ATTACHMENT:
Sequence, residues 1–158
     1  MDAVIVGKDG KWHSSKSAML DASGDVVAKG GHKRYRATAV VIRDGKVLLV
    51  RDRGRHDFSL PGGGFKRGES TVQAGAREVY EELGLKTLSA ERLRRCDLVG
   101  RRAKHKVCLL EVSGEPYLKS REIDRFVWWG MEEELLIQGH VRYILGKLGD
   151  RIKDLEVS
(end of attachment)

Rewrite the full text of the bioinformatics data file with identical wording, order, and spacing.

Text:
Sequence, residues 1–158
     1  MDAVIVGKDG KWHSSKSAML DASGDVVAKG GHKRYRATAV VIRDGKVLLV
    51  RDRGRHDFSL PGGGFKRGES TVQAGAREVY EELGLKTLSA ERLRRCDLVG
   101  RRAKHKVCLL EVSGEPYLKS REIDRFVWWG MEEELLIQGH VRYILGKLGD
   151  RIKDLEVS